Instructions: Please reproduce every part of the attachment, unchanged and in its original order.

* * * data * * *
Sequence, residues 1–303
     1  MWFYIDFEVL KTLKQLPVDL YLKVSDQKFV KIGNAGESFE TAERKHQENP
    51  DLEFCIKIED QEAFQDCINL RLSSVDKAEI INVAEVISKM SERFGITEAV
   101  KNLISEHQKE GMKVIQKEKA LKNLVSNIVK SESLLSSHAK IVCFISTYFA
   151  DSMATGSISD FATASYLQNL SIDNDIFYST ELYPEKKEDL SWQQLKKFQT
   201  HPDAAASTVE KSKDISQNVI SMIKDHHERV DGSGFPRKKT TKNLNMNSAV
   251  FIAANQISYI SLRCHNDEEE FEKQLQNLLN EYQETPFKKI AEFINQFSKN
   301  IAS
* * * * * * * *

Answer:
Sequence, residues 1–303
     1  MWFYIDFEVL KTLKQLPVDL YLKVSDQKFV KIGNAGESFE TAERKHQENP
    51  DLEFCIKIED QEAFQDCINL RLSSVDKAEI INVAEVISKM SERFGITEAV
   101  KNLISEHQKE GMKVIQKEKA LKNLVSNIVK SESLLSSHAK IVCFISTYFA
   151  DSMATGSISD FATASYLQNL SIDNDIFYST ELYPEKKEDL SWQQLKKFQT
   201  HPDAAASTVE KSKDISQNVI SMIKDHHERV DGSGFPRKKT TKNLNMNSAV
   251  FIAANQISYI SLRCHNDEEE FEKQLQNLLN EYQETPFKKI AEFINQFSKN
   301  IAS